• FIGS. 22B-C show logic flow diagrams illustrating example aspects of implementing purchase controls settings in some embodiments of the WIP, e.g., a Purchase Controls Settings (“PCS”) component 2220. With reference to FIG. 22B, in some implementations, a user may desire to generate a purchase control setting to monitor and/or restrict transactions of a specific character from being processed by the WIP. The user may provide such an indication into a user device executing a virtual wallet application for the user, 2221. In response, the device may provide a GUI component for the user to select a parameter according to which to restrict transactions initiated from the virtual wallet of the user, 2222 (see, e.g., scroll wheels of FIG. 2716B). The user may utilize the GUI component to select a restriction parameter, 2223. Based on the restriction parameter selected (e.g., geographical location, transaction value, transaction card, product category, time, date, currency, account balance(s), etc.), the device may identify, e.g., by querying a database, a GUI component to provide the user for facilitate the user providing a value associated with the restriction parameter (see, e.g., world map of FIG. 16B [center]), 2224. The device may provide the identified GUI component to the user, 2225. Using the GUI component, the user may provide a value for the restriction parameter, 2226. In response, the device may generate a data snippet including an identification of a restriction parameter, and an associated value for the restriction parameter, 2227. For example, the data snippet may be formatted as an XML data structure. In some implementations, the data structure may also include an indication of whether the restriction parameter value represents an upper bound or lower bound of the range of allowed values for that parameter. The device may append the data structure for the restriction parameter to a data structure for the overall purchase control setting, 2227. In some implementations, the device may determine whether the user desires to enter more such restriction parameters, and may facilitate the user entering such restriction parameters on top of any previously provided restriction parameters (see 2228-1729). Upon obtaining all restriction parameters for a given purchase control setting, the device may store the finalized purchase control setting to a database (e.g., a local database, a cloud storage database, etc.), 2230.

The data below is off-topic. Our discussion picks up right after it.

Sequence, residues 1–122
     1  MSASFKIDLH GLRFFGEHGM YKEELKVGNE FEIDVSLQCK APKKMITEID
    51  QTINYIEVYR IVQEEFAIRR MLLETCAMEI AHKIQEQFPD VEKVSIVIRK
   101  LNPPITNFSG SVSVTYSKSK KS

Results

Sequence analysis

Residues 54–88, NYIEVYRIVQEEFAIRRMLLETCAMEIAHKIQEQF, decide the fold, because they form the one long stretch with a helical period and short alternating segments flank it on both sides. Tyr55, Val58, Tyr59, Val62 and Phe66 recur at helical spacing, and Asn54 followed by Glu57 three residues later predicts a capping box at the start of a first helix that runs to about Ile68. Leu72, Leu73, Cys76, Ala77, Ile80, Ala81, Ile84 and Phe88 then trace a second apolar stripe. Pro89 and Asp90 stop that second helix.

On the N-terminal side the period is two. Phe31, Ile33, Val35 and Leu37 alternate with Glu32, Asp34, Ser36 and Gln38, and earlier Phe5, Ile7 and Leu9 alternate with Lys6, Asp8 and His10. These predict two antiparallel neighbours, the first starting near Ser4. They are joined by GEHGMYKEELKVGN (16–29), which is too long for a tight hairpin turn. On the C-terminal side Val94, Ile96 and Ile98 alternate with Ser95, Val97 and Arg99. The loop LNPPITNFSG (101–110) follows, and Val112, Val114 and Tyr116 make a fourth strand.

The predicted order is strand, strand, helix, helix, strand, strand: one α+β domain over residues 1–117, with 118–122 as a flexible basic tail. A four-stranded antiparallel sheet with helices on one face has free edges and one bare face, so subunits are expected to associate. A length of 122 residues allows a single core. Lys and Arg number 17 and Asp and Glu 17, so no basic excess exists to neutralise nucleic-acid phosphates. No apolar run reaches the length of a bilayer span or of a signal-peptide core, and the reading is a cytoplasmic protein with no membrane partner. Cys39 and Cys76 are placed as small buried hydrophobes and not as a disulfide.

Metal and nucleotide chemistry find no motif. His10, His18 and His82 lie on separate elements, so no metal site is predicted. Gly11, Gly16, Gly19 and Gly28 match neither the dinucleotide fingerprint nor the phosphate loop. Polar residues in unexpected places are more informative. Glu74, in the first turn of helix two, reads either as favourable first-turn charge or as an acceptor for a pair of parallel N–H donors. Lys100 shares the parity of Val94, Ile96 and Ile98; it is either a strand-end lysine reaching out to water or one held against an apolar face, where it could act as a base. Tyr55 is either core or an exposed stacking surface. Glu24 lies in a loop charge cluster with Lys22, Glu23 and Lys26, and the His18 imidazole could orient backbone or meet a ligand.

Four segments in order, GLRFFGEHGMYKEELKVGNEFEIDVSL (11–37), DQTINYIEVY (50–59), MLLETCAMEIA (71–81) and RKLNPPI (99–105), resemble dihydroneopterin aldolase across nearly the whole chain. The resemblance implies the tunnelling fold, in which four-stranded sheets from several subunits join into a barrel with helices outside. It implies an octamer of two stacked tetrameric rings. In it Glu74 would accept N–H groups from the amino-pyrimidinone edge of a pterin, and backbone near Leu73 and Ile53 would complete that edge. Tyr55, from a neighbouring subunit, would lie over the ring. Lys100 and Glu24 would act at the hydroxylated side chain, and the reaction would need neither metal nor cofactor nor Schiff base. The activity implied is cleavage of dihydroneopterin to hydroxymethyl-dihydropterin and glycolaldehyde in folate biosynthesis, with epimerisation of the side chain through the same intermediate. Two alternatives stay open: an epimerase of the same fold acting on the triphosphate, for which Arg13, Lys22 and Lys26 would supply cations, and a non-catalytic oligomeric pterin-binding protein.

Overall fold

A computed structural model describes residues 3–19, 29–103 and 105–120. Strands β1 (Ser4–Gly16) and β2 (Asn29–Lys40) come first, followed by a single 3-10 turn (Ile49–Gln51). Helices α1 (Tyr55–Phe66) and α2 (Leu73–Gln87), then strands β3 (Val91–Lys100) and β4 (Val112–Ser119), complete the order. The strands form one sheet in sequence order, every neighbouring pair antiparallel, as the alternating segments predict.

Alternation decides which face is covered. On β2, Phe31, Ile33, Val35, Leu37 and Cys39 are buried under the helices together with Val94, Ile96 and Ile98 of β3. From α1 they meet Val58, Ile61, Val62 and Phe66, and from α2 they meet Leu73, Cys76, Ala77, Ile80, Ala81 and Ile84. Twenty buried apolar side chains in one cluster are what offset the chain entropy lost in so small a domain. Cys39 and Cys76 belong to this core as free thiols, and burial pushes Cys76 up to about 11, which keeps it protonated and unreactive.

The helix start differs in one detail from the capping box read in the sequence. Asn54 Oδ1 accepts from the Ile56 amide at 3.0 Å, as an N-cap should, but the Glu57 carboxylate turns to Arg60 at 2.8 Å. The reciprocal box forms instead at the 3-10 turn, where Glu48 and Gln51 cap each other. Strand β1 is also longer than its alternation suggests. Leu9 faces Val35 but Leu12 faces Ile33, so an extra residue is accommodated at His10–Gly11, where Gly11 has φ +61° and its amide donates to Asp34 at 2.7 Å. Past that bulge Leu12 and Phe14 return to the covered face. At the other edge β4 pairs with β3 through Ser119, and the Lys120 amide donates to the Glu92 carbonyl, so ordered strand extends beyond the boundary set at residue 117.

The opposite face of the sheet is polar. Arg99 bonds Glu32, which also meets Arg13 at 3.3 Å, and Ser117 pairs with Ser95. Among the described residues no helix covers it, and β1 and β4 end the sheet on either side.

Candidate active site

• With reference to FIG. 22C, in some implementations, a user may desire to enter into a purchase transaction. The user may provide an input into user device executing a virtual wallet application indicative of the user's desire to enter into the purchase transaction, 2231. In response, the device may identify the parameters of the transaction (e.g., geographical location, transaction value, transaction card, product category, time, date, cart, wallet type [bonded, unbonded], currency, account balance(s) around the time of initiation of the transaction, etc.), 2232. The device may query a database for purchase control settings that may apply to the purchase transaction request, 2233. For example, these could include rules set by a bonded wallet user who has authorization to set purchase controls on the user's wallet. The device may process each purchase control setting to ensure that no setting is violated. In alternative schemes, the device may process purchase control settings until at least one purchase control setting permits the purchase transaction to be performed (or the purchase transaction may be denied if no setting permits it), see 2234. The device may select a purchase control setting, and extract the restriction parameters and their associated value from the purchase control setting data structure. For example, the device may use a parser similar to the example parsers described below in the discussion with reference to FIG. 66. The device may select a restriction parameter-value pair, 2236, and determine whether the transaction parameters violate the restriction parameter value, 2237. If the restriction is violated (1738, option “Yes”), the device may deny the purchase transaction request. Otherwise, the device may check each restriction parameter in the purchase control setting (see 2239) in a similar procedure to that described above. If the purchase control setting does not restrict the transaction, the device may execute similar procedure for all the other purchase control settings, unless one of the settings is violated (or, in the alternative scheme, if at least one purchase control setting permits the purchase transaction) (see 2240). If the device determines that the purchase transaction is permitted by the purchase control settings of the user and/or bonded wallet users (1740, option “No”), the device may generate a card authorization request, 2241, and provide the card authorization request for purchase transaction authorization (see FIG. 62A).